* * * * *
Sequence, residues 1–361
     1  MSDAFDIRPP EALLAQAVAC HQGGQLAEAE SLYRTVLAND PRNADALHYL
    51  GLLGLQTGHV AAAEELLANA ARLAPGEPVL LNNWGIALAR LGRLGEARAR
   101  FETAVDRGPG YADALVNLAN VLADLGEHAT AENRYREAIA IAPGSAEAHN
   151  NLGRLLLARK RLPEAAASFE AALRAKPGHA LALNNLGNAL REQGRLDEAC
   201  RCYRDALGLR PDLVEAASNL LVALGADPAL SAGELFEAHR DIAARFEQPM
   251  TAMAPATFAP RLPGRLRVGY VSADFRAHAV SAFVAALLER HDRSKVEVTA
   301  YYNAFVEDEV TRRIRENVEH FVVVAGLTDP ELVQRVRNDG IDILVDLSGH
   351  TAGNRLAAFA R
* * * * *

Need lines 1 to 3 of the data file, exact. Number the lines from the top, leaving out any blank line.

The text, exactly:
Sequence, residues 1–361
     1  MSDAFDIRPP EALLAQAVAC HQGGQLAEAE SLYRTVLAND PRNADALHYL
    51  GLLGLQTGHV AAAEELLANA ARLAPGEPVL LNNWGIALAR LGRLGEARAR